How can we express the pronoun "one" in Latin when it's impersonal or indefinite? Any example: "what's your house? The white one" I know that we can use "is qui" when way ...
Antônio Silva's user avatar
4 votes
0 answers
83 views

Is it permissible to use "dum" with the pluperfect subjunctive?

Is it ever permissible to use dum with the pluperfect subjunctive? Here is an example of this construction from Victor of Vita's Historia persecutionis Africanae provinciae: qui lapides dum ...
luminaetherii's user avatar
1 vote
1 answer
64 views

Vowel length of the first "i" of "VIRIDIS"

Could anyone tell me if the first "i" of "VIRIDIS" (green), the one between "v" and "r", is long or short? Thanks in advance for your help.
Olavo Panseri's user avatar
5 votes
1 answer
413 views

Origin of /h/ in ἅζομαι (házomai), ἁγνός (hagnós), ἅγιος (hágios)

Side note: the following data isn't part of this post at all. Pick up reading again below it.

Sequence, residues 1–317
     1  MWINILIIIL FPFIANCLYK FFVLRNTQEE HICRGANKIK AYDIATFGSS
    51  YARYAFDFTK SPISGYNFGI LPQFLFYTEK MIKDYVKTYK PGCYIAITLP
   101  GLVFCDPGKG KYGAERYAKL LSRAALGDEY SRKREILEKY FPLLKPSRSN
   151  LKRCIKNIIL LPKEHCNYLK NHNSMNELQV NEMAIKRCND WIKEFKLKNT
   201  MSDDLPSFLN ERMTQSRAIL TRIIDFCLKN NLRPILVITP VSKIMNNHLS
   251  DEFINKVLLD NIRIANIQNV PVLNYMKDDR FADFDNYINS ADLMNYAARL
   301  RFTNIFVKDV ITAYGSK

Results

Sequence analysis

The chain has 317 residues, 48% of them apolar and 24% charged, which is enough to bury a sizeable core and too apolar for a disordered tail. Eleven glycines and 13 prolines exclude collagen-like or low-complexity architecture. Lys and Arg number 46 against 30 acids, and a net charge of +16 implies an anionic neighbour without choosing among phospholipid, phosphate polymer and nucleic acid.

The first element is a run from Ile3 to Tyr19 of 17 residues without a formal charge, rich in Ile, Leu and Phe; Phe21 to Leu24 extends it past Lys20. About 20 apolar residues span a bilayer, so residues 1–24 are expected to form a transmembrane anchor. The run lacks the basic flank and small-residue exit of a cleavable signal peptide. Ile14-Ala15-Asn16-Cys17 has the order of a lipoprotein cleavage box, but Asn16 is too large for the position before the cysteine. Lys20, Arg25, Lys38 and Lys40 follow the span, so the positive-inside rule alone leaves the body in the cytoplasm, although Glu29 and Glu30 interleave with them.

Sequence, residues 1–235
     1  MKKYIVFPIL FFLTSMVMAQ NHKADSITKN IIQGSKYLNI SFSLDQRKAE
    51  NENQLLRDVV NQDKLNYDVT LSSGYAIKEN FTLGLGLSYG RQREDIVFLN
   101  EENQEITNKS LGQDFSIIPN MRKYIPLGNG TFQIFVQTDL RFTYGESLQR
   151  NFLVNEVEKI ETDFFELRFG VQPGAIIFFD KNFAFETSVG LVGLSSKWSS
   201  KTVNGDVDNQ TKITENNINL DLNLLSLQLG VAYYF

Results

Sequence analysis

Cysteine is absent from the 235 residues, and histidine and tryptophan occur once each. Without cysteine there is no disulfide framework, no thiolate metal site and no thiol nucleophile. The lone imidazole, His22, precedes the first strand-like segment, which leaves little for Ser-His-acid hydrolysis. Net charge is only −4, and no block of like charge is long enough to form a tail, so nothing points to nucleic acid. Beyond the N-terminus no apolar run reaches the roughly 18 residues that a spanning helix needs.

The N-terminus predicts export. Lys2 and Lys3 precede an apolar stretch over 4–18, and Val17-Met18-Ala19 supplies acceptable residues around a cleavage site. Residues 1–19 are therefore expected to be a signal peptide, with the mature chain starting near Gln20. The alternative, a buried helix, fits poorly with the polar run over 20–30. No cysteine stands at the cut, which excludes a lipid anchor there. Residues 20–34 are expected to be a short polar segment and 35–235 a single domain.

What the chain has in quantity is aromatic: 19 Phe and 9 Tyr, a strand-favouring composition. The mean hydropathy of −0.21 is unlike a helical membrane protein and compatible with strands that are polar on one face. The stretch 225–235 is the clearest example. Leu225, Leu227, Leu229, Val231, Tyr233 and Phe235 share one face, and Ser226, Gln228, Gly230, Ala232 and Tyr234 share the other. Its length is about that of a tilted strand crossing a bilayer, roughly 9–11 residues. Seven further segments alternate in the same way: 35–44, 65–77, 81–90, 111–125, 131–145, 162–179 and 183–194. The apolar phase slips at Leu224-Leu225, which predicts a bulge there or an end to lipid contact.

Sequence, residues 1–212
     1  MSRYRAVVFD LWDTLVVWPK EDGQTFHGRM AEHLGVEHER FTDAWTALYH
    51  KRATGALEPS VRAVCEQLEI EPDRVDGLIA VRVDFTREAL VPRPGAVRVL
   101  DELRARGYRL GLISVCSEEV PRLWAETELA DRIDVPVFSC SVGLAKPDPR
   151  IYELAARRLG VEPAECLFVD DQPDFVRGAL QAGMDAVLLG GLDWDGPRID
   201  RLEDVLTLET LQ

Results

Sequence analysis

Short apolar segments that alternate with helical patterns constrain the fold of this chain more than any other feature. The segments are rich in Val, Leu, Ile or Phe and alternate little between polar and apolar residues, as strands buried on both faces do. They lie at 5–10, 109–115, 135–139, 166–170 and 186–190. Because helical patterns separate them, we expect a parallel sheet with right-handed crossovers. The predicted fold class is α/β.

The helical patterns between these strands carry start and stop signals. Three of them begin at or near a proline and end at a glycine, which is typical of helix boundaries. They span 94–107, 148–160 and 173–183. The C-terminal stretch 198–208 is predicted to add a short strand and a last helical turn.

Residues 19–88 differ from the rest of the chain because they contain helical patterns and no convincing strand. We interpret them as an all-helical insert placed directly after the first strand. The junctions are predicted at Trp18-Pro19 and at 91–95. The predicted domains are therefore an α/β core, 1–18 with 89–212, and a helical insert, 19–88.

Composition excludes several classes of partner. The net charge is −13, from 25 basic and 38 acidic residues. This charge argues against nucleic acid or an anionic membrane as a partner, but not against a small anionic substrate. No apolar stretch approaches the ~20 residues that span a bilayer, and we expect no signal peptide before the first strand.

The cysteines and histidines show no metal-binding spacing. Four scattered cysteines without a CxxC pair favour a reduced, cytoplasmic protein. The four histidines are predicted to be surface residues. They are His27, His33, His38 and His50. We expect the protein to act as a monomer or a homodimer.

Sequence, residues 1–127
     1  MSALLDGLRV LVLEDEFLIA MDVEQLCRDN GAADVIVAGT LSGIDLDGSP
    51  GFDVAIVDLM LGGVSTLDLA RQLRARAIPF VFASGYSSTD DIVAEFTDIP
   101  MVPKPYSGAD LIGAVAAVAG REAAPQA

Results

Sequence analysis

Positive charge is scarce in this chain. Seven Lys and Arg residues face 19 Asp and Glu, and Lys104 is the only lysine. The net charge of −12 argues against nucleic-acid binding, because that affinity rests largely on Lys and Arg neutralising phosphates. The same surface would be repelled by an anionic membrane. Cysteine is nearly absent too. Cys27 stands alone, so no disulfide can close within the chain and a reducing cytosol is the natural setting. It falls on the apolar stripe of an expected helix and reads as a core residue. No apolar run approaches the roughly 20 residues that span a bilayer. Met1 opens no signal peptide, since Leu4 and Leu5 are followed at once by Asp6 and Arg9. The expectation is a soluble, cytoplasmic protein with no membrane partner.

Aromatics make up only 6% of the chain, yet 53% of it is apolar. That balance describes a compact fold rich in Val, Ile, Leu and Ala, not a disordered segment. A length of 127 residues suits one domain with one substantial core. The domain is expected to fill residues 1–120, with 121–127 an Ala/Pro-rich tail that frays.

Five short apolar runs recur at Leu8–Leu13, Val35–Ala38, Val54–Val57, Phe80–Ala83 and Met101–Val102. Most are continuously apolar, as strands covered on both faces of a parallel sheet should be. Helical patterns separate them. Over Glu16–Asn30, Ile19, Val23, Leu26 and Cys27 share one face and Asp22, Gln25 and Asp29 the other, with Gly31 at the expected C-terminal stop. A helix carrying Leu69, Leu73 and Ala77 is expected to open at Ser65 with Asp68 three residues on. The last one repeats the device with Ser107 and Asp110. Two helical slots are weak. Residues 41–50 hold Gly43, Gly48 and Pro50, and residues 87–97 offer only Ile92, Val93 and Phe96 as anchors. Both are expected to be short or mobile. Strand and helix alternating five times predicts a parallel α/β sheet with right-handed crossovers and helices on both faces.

According to Wiktionary: ἅζομαι (házomai) ← PH *haďďomai ← PIE *h₁yáǵyeti ἁγνός (hagnós) ← PH *hagnós ← PIE *h₁yáǵnós ἅγιος (hágios) ← PH *hágijos ← PIE *h₁yáǵyos I am aware of Proto-Hellenic /h/ ...
Arfrever's user avatar
  • 558
7 votes
1 answer
3k views

Why is "tyrannis" in "sic semper tyrannis" interpreted as "to tyrants"?

According to the declension in Wiktionary, tyrannis is a nominative or vocative singular form of tyrannis. So, I can see a literal translation "Thus always, Tyrant!" using the vocative. But &...
Spencer's user avatar
  • 173
5 votes
1 answer
172 views

Reading the motto of Obispado de Cuenca

There is a line of Latin handwriting on the logo of Obispado de Cuenca. What I can read is ego. julianus. dei gra coch(?) eps. with unknown diacritics. julianus is seemingly Julián de Cuenca, a ...
Kotoba Trily Ngian's user avatar
3 votes
0 answers
63 views

On the function of dignus

Usually, when we say Marcus dignus amictiā we mean that Marcus is entitled to or worthy of friendship. Keeping the direction but increasing volume we can say "Marcus (On account of his character) ...
d_e's user avatar
  • 11.2k

15 30 50 per page